Development Gateway has changed significantly in response to external challenges and the emergence of new web-based technologies. Their experience highlights some of the lessons learned in the process that may be relevant for web 2.0 initiatives.
With more than 260,000 registered users and 800,000 unique visitors per month in mid-2007, the Development Gateway is the largest searchable repository of development information and tools on the internet.
The concept of the Development Gateway was first discussed at the World Bank in 1999. Under James Wolfensohn’s leadership, the Bank positioned itself as the ‘Knowledge Bank’. It would promote knowledge sharing and put growing emphasis on the use of ICTs as tools for disseminating information both within the organization and across the development community.
The Development Gateway Foundation was established in 2001, funded by the Bank, bilateral aid agencies, developing country governments and private companies. The Foundation then set about creating a collaborative web portal offering development content and tools for information exchange. The approach to knowledge sharing focused on capturing and making available relevant information through the ‘topic pages’ (now dgCommunities), which also provided discussion and commenting tools to enable sharing and collaboration among its members. The idea was that experts and users would contribute resources that were then to become the basis for the sharing of explicit knowledge.
The Gateway selected experts to act as ‘topic guides’, contributing knowledge resources, monitoring and ‘approving’ user-contributed resources and facilitating discussions. The issue of quality control was addressed through a ‘guided community’ model based on deferred publishing – content submitted by users went live only after it was reviewed and approved by the topic guides. Initially these guides were paid consultants, although they were later replaced by volunteers, in line with industry trends.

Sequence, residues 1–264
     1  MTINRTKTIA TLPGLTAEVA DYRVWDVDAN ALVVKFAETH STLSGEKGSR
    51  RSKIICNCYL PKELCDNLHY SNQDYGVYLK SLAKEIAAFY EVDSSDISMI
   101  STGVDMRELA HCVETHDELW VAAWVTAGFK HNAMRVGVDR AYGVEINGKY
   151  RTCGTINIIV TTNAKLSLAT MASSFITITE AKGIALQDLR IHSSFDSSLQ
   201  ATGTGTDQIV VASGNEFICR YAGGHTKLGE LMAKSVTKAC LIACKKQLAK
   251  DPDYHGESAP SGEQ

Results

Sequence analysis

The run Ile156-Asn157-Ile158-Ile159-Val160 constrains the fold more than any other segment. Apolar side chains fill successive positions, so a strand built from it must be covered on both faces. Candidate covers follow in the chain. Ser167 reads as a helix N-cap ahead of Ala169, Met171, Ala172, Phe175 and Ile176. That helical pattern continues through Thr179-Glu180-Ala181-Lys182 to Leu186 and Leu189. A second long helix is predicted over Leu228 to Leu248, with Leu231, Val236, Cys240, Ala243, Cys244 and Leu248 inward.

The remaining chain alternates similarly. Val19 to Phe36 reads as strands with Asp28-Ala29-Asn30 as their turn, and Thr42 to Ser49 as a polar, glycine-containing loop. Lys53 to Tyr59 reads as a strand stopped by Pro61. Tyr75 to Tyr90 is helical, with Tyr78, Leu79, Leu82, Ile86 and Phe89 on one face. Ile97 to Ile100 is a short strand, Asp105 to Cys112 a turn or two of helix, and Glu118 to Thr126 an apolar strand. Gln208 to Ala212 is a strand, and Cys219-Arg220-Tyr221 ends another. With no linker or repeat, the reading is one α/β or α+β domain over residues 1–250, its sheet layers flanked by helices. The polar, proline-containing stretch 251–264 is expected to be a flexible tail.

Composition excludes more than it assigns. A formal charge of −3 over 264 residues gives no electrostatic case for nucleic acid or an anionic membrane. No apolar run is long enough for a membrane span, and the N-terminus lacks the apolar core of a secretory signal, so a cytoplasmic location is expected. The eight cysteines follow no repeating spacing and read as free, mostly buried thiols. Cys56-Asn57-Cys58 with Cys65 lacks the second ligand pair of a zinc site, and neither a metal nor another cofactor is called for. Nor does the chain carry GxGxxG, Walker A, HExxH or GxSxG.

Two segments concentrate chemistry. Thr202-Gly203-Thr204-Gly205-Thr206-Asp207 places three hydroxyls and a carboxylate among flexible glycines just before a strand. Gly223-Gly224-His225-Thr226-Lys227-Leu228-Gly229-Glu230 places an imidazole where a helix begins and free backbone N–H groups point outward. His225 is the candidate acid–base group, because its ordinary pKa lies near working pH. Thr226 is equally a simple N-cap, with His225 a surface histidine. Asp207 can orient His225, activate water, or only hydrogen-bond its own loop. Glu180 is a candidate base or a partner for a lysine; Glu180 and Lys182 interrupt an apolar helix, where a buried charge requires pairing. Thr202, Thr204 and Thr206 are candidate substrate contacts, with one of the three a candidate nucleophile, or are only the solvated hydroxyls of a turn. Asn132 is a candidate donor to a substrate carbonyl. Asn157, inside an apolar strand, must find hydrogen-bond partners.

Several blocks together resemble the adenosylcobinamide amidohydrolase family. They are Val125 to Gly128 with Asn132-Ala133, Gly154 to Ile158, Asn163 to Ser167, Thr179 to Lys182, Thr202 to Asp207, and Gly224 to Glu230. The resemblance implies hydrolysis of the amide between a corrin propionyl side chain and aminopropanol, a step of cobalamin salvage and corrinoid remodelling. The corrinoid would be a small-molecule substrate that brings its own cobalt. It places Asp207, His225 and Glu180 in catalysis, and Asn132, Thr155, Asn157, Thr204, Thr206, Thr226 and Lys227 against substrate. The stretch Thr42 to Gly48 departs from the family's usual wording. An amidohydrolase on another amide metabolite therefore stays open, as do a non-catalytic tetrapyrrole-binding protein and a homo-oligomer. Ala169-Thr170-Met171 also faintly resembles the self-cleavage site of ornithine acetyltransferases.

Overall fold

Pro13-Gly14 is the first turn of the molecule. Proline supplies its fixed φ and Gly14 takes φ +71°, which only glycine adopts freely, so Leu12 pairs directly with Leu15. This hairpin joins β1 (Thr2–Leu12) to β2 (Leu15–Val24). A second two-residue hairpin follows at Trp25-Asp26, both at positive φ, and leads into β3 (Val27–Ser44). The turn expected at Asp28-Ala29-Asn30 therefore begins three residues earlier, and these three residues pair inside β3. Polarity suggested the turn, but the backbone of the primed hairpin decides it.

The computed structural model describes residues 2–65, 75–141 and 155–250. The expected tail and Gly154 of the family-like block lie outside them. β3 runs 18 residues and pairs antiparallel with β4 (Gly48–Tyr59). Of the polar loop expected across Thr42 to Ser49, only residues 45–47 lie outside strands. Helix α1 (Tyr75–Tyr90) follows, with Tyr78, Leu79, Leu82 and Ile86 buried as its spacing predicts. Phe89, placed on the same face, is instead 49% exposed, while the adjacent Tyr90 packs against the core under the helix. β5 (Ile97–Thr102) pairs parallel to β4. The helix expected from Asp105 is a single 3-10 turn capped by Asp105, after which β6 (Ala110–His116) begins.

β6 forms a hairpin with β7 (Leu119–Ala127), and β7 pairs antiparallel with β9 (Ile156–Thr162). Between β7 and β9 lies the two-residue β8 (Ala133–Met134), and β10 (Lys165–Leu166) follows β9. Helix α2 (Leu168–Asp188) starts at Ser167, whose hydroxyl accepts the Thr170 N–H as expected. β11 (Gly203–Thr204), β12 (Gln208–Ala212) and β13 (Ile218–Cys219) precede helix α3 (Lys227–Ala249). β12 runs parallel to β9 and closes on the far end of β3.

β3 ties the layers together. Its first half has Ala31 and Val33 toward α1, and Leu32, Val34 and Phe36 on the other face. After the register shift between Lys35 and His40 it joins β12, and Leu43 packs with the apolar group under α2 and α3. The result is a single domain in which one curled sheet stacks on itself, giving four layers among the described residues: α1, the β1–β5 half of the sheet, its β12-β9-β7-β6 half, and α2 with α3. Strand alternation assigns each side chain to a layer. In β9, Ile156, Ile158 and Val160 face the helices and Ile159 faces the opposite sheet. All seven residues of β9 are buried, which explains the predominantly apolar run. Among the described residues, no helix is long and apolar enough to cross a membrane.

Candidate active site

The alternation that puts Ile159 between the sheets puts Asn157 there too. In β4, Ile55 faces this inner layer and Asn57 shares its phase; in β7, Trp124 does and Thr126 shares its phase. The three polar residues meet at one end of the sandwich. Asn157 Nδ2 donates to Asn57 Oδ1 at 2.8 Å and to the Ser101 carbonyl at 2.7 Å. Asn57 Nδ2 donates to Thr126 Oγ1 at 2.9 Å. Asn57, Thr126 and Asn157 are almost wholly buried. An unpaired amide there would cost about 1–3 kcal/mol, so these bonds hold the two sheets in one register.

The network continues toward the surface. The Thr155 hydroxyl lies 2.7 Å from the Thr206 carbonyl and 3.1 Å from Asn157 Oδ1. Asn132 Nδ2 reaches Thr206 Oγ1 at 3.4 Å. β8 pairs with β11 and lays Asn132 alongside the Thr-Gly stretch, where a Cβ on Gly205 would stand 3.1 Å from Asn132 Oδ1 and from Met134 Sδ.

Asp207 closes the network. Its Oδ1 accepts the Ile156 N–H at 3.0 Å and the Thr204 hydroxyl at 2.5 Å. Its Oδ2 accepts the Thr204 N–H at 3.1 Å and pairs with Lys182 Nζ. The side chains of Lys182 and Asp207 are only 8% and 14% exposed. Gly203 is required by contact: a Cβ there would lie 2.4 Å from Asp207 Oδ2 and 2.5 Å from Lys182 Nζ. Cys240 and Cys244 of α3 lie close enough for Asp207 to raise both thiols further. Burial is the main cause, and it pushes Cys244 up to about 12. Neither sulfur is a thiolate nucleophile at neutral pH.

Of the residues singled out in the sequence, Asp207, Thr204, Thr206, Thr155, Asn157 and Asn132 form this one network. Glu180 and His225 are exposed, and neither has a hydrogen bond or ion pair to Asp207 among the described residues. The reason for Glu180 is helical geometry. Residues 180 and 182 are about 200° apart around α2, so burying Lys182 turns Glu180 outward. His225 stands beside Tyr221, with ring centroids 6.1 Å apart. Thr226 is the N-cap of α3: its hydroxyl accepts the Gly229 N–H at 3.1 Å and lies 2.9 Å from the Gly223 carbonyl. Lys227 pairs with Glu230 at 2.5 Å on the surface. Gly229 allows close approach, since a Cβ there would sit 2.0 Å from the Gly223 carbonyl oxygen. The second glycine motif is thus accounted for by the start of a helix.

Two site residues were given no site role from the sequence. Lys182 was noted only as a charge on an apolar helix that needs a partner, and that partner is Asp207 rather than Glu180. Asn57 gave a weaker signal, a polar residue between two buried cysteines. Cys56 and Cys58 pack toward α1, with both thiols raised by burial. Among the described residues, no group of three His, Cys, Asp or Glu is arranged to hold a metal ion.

Country gateways, another core initiative, were locally owned projects designed to provide online and offline technical services for e-government, small enterprise support, e-learning, e-health, and online community building. They were seen not only as local versions of the global portal, but also as nodes of the broader network with the Gateway at its core. They were expected to adapt to local conditions, languages and needs, while establishing systems to access, maintain and disseminate local knowledge.
Since its inception, many have argued that the Gateway’s ambitious objectives were difficult to operationalize, and that it tried to cover too much ground. Gradually, the Gateway strategy moved away from ‘knowledge sharing’ towards ‘web-based tools to make aid and development efforts more effective’. This new focus was supported by two of the Gateway’s original applications. The Accessible Information on Development Activities (AiDA) was set up as an online database of development projects and activities provided by over 200 agencies.
More recently, the Gateway, in collaboration with the government of Ethiopia, launched the Aid Management Platform (AMP) to assist governments and donors in planning, monitoring and reporting on international aid flows and activities. Transparency of public sector transactions, in turn, was promoted by dgMarket, an online service that posts tenders for government contracts funded by the Bank and other agencies, as well as national tenders.
Vision versus implementation
Like most pilot projects, the Gateway generated criticism. Staff were concerned about the overlap with the Bank’s own website and tools, while civil society organizations argued that the close link between the Gateway and the Bank would result in a Bank-centred vision of development at the expense of southern knowledge. There were also concerns that the Gateway would create unfair competition for other aggregators of development knowledge. As the Gateway ended its pilot phase and the Foundation became legally independent, however, these issues became less prominent.
A more generic criticism centred on the evolution of the dgCommunities and the country gateways. While the dgCommunities attracted around 50,000 registered members by mid-2007, they were primarily passive users, contributing or accessing and viewing existing resources. They did not utilize the collaborative or interactive capabilities of the topic pages to pose questions and/or obtain answers on specific issues. Rather than a dynamic space for sharing knowledge and solving problems, the dgCommunities became a useful, but static repository of development knowledge. And while the country gateways were successful in providing local content, the issue of the quality and depth of their information assets remained a problem. Also, integration of the local and global knowledge sources, an original objective of the programme, failed to occur. Data sharing mechanisms enabling a two-way flow of information between the Gateway and the country gateways were never fully implemented.